Members of the West Side Black Elected Officials spent part of Father's Day on a scorching Sunday afternoon attempting to create some awareness about the area's violence, particularly the recent spate of abductions that have touched off a wave of hysteria on social media.
During the June 17 press conference, held outside of the Garfield Park Fieldhouse, 100 Central Park, at least a dozen West Side politicians at the local, state and federal level endured united around a common message that was printed on flyers that the officials held out for TV news cameras: "Be careful. Be alert. Beware. And in all things, love peace."
"I have a 2-year-old daughter and a week ago, there were gunshots on the corner of my house," said state Rep. Melissa Conyears-Ervin (10th), the wife of 28th Ward Ald. Jason Ervin, who tended to heir toddler just feet away.
"I'm not just speaking for myself," Conyears-Ervin said. "This is what parents endure day after day. We are tired! We need help, but we need the ones who are causing this havoc in our community to stop! This criminal activity has to stop!"
Before the press conference, staffers handed out a packet of crime statistics provided by the Chicago Police Department.
In the last three months, according to CPD's Clear Map Crime Summary, there have been 456 reports of violent crime in Austin, 262 in North Lawndale and 167 in West Garfield Park. In that same time period, Austin, North Lawndale and West Garfield Park have led the city in homicides, with 16, six and six, respectively.
In recent weeks, many people have taken to social media to amplify their concerns about a series of missing persons cases on the West Side.
According to a Fox 6 report, at least six teenage girls and women have been reported missing on the West Side since March. Two of those missing persons were found dead while four have been found safe, the station reported.
The cases have prompted many people to spread theories on social media that include the possibility of a serial kidnapper on the loose.
During a June 14 press conference, Chicago Police Supt. Eddie Johnson dismissed the Facebook and Twitter speculation, saying "there is no credible information that we have a serial kidnapper going around in the black community, pillaging. That's just not true."
"Somehow the community has linked all six and there's just no evidence of that," the superintendent added. "Then the community calls us with bogus tips. They think they're helping. Those 1,000 tips are unrelated. We have to chase all those down."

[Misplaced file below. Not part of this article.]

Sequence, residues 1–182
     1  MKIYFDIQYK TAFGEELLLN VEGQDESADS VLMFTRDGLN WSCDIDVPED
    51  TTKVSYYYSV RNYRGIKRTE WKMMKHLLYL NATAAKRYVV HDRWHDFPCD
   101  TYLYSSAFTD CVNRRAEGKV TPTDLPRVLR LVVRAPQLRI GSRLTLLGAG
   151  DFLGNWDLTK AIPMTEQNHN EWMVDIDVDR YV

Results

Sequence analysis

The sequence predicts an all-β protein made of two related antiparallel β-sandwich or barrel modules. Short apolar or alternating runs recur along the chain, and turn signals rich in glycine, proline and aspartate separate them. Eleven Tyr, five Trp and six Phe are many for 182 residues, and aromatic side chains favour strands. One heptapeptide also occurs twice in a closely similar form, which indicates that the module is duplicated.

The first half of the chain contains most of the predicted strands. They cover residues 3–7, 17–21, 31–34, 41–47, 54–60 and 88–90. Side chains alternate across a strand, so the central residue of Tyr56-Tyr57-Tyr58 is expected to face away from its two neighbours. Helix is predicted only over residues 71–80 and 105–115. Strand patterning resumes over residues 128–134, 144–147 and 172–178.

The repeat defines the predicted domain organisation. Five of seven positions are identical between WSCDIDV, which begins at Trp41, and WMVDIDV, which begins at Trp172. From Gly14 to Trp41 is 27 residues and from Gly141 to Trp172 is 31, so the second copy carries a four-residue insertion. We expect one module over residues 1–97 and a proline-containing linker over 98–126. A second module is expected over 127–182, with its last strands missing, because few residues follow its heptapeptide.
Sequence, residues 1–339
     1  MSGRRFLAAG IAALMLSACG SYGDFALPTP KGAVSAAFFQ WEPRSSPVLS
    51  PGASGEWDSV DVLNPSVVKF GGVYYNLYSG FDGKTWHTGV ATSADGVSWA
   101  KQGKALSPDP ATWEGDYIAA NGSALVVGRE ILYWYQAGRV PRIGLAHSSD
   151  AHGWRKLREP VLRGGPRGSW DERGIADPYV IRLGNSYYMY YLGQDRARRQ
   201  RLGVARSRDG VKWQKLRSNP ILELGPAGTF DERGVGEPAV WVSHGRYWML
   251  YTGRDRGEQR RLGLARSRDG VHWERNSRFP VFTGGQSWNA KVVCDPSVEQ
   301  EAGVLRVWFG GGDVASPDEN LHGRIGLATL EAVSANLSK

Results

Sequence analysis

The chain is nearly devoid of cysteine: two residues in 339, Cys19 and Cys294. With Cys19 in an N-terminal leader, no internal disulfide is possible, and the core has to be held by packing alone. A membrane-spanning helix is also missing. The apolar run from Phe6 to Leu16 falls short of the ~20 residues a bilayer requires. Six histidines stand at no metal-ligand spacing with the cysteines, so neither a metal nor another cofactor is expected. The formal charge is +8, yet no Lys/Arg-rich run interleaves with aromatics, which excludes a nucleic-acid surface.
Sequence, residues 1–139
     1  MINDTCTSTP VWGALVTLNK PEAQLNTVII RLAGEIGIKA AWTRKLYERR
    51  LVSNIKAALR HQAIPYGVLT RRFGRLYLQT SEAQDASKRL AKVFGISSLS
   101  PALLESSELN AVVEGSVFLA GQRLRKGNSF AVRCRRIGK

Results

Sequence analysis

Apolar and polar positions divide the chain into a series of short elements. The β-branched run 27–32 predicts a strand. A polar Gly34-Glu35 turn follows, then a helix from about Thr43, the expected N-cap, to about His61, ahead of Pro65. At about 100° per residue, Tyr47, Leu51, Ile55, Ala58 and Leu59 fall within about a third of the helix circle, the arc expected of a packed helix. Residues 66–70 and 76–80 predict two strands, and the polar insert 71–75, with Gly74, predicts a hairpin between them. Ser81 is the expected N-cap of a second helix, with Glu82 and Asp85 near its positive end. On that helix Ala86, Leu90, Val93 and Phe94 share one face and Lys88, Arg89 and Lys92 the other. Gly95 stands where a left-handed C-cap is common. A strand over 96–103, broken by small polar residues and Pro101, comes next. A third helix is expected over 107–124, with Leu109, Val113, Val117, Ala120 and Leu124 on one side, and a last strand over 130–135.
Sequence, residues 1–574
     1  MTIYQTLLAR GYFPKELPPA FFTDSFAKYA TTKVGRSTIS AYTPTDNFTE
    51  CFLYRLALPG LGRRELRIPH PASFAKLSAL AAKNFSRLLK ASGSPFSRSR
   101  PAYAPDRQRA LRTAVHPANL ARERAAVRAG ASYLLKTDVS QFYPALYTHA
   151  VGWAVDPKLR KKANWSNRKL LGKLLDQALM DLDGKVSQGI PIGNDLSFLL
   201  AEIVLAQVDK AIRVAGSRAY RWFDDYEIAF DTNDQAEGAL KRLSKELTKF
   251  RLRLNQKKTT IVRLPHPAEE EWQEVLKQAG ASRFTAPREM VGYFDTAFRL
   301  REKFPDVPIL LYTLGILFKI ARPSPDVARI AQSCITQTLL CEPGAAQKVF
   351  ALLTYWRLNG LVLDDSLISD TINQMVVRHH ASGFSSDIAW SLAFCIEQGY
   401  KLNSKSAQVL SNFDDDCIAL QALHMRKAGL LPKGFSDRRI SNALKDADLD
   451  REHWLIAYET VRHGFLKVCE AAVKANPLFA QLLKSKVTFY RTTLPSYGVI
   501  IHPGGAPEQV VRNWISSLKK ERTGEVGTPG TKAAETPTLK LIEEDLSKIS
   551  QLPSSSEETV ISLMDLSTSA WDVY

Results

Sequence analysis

According to Fox 6, Johnson said that the two deceased women were last seen by witnesses with the same person, and that all three in the group had been involved "in narcotics sales, prostitution and using narcotics together."
The cases of the four surviving young women, whose ages ranged between 15 and 18, were not related to the cases involving Shantieya Smith, a 26-year-old whose body was discovered in a West Side garage after she went missing in May, and Sadaria Davis, 15, whose body was found in an abandoned building in May after she was reported missing in April.
As of Sunday, neither of the cases had been ruled homicides and were still under investigation. Police have a man with connections to both women in custody on unrelated charges.
Still, those gathered during the Father's Day press conference in West Garfield Park decried all forms of violence.
"I am a father of three, my young people are at home right now [and] it is very hard to have my children go outside, play in the playground and enjoy life," said Ald. Michael Scott (24th).
"Today is Father's Day, so we're asking all the men to become part of this village," he said. "If men took the time to stand up and do what they need to do in this community, all of this havoc [would not exist to the degree that it does]."
"We don't want to see our girls murdered," said Congressman Danny K. Davis (7th). "Don't go to some guy's car, because he looks like he's driving a good-looking machine and he's leaning and leaning and you want to get in there, you don't know him."
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